Radio-tagged falcon ‘Longleng’ returns to India after winter sojourn
Imphal, April 24 (EMN): Amid the Covid-19 pandemic across the globe, a radio-tagged female Amur falcon, which flew non-stop for five days covering thousands of kilometres to reach Somalia in November last year, has returned to the Indian sub-continent on her way to her breeding area in northern China, a Wildlife Institute of India (WII) official said on Friday.
WII scientist R Suresh Kumar, who is currently monitoring the route of the migratory bird, said that he received a location that the bird yet again arrived (in India) towards Mumbai and it made the crossing over to land about 60 km north of Mumbai on Thursday afternoon. The bird’s trajectory tells that she is heading to Maharashtra coast and from there she may go down to southern India-most likely heading towards Bangalore, he added.
Longleng, a female Amur falcon named after Nagaland’s district was radio-tagged and arrived in Somalia on April 17 from her winter sojourn in South Africa and started her five-day return passage to India on April 20 flying at a speed of 45 km per hour, the WII scientist said.
The bird was radio-tagged in October 2016 as part of projects to study the flight route of these long-distance migratory birds and environmental patterns along the route.
The smart small raptor weighing around 175 grams, depending upon the weather condition is likely to fly across Nagaland and Manipur for her onward journey to China via Myanmar soon, Kumar said.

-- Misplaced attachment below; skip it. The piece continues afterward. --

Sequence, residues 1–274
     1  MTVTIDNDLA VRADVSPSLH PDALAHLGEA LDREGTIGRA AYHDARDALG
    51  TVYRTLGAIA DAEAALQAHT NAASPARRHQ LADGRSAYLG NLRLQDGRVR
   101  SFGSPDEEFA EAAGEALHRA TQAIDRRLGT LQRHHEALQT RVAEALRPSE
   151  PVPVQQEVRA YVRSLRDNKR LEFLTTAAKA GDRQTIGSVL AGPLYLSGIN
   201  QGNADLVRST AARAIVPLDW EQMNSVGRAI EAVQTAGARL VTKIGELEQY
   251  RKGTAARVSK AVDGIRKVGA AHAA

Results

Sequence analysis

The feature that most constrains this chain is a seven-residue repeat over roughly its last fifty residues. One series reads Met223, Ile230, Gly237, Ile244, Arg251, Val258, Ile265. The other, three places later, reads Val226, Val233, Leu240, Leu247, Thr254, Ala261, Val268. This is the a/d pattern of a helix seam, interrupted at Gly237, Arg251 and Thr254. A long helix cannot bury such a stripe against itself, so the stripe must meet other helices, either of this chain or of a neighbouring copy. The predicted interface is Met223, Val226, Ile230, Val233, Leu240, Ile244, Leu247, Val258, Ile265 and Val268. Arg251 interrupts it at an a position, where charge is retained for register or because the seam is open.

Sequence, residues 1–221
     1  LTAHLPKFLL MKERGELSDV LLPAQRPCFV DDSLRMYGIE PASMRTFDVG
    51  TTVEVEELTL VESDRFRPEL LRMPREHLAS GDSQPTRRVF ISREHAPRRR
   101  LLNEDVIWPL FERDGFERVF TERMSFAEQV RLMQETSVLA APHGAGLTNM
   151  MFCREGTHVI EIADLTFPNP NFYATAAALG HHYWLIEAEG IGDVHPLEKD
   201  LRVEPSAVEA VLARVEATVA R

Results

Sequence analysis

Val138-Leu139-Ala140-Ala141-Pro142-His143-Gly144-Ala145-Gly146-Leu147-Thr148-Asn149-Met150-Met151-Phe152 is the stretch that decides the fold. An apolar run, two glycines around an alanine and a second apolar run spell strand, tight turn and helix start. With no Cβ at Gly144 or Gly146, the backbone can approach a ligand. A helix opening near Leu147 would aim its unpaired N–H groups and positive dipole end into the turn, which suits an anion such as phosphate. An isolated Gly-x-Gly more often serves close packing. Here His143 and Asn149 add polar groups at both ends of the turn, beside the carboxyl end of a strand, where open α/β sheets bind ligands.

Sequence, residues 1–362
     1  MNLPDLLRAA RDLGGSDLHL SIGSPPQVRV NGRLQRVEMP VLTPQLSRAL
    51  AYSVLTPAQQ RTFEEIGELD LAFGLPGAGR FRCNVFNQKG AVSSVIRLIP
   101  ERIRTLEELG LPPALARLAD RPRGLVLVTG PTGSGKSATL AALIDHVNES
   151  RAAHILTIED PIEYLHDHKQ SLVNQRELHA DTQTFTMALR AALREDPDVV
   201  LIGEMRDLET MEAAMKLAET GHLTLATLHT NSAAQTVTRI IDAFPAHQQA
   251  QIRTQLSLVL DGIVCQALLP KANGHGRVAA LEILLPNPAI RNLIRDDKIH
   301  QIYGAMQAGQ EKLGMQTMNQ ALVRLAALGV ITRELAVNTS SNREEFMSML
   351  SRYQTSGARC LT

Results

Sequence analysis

“I think Longleng has successfully made the Arabian Sea crossing for the 8th time since tagging and became the longest tracked Amur falcon,” he said. “Longleng is followed by Chiulon, a male Amur falcon, which departed from the Somalia coast on April 21, is now middle of its Arabian crossing covering a distance of 3150km and gliding in the jet stream.”
Chiulon – the falcon named after a village in Manipur’s Tamenglong district was also tagged with a satellite transmitters along with ‘Puching’, ‘Phalong’ (all names of villages in Manipur), ‘Irang’ and ‘Barak’ (both names of rivers of Manipur) in Manipur in November last year.
Though all the falcons are sharing their datas during this radio tagging programme, Puching and Phalong failed to transmit any data few days after they were tagged.
The Amur falcons spend the summers in their breeding grounds in northern China and migrate to South Africa during winters. Enroute to their wintering grounds, these birds enter the Northeastern states in October.
The radio-tagging programme started in Manipur in 2018 by forest department in collaboration with WII as part of a project to study the flight route of these long-distance migratory birds and environmental patterns along the route since India is a signatory to an international agreement to conserve migratory birds of prey.